Monday Oct 31, 2022
Monday Oct 31, 2022
I have been investing money for clients for over 40 years and it was not long into my career that I questioned rules of thumb like the best portfolio is a 60/40 split of stocks and bonds. I’ve always felt it was better to research deeply investments that were undervalued and would do well going forward. My fear has proven to come true over the years, especially now as according to Bank of America the 60/40 split portfolio is having its worst year in 100 years as the annualized change in its recent year-to-date value was down 34.4%. Year to date we are down a little bit in our portfolio but based on what we have I still believe we can have a positive return come December 31, 2022. With a 60/40 split based on what I see going forward I don’t think that has a break even for at least 3 to 5 years. I still stand behind my statement that rules of thumb when it comes to investing don’t work long-term.
Gross Domestic Product Report
Q3 GDP produced the first positive growth of the year as it increased at an annualized rate of 2.6%. The consumer continues to remain strong enough to produce growth as the consumption category grew 1.4% in the quarter. This was entirely due to the service economy, which was up 2.8% compared to consumption of goods, which fell 1.2% in the quarter. Gross private domestic investment continued to struggle as it fell 8.5% in the quarter. This was largely attributable to the decline in residential investment which fell 26.4%. Investment in equipment and intellectual property products were positives as they grew 10.8% and 6.9% respectively. The change in private inventories continued to weigh on the report as it subtracted 0.7% from the headline number and with the heavy inventories at retailers, I believe this could remain subdued for the next quarter as well. The major highlight came from the trade component which added 2.77% to the headline number. This came as exports climbed at an annualized rate of 14.4% and imports fell at an annualized rate of 6.9%. With the likelihood of the strong dollar remaining in place through the remainder of the year I'm skeptical that we will see another major benefit to trade as we close out the year. The final component, which is Government, was also a benefit as it added 0.42% to the headline number. Overall, I'd say the GDP report was good, especially considering a lot of the fear from people at this time.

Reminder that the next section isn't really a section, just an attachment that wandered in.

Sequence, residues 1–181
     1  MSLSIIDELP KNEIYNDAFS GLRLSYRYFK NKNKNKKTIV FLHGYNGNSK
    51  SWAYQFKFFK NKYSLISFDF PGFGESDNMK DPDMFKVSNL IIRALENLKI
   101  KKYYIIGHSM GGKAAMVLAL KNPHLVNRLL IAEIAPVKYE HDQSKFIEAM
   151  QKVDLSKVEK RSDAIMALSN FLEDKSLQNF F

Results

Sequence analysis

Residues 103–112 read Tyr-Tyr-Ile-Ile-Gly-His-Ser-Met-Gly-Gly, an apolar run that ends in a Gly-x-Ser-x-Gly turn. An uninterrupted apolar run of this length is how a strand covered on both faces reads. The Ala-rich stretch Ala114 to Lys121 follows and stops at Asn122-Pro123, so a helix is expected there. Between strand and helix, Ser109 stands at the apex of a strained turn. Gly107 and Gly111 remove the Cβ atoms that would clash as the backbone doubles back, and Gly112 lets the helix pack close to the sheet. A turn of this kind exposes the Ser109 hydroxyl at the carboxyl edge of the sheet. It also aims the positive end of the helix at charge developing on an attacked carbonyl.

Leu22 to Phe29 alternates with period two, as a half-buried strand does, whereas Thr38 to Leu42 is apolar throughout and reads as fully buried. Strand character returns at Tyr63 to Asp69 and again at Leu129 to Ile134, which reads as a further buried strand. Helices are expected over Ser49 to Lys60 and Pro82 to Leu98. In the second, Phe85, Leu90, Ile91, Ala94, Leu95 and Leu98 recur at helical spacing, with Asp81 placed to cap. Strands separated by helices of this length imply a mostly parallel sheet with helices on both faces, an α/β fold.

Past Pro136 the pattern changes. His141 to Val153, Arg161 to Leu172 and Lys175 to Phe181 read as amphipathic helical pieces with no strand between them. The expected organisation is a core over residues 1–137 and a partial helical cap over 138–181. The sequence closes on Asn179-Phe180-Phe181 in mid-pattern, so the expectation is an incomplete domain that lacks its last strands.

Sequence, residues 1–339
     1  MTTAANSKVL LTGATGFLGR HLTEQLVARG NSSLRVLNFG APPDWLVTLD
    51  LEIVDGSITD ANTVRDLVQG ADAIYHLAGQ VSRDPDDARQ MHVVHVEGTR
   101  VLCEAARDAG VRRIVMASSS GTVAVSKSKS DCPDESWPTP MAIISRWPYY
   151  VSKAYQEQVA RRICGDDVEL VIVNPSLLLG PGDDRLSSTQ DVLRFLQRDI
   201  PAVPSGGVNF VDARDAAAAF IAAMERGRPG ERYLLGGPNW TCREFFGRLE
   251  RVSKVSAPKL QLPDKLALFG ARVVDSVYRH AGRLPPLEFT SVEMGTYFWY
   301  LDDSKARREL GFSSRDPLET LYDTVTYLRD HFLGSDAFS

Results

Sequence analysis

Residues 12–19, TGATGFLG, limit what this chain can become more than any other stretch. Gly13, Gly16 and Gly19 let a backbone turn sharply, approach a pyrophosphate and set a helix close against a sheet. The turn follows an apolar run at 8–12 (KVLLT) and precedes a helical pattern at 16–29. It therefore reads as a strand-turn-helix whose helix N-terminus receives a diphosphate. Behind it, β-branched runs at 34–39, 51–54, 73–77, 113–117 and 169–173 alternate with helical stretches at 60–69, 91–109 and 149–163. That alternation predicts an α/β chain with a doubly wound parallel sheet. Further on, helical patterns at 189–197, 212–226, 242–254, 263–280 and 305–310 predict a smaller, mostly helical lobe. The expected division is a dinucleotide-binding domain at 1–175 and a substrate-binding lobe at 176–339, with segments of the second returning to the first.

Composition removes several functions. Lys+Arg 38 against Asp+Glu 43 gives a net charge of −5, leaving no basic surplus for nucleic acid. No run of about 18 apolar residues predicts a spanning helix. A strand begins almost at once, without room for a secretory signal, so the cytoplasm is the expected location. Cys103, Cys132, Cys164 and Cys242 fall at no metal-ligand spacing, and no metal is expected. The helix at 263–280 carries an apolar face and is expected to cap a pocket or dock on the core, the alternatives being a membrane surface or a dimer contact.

You have heard all the bad news about the big profits that oil companies are making but what you don’t hear is how much they spend and what they are doing for a green future. Both Exxon and Chevron are building offshore wind farms which will supply millions of homes on the East Coast with electricity. They’re also preparing production of hundreds of millions of gallons of fuel which will come from plants, garbage and even kitchen grease. Oil giant BP just spent $4.1 billion acquiring a company that replaces fossil fuel gas from wells with natural occurring biogas from landfills. The oil companies know that the times are changing and while they are accused of paying out big dollars to the shareholders, they are investing their profits for a greener future as well.
Things have really changed 180° from less than a year ago when there were shortages of products available. Inventories are now so large warehouses are bursting at the seams. The vacancy rate in warehouses in the third quarter 2020 was 5% that has now declined to 3.2%. Currently, businesses are paying more per square foot in warehouses. Last year in the third quarter it was $7.13/square foot, the average has now climbed to $8.70/square foot. What does that mean to you as a consumer? Retailers want to get rid of these items costing them money just sitting in the warehouse. Consumers could see some great sales coming up in the future, keep your eyes open.
Harrison Johnson, CFP®: "How spouses age difference affects social security"
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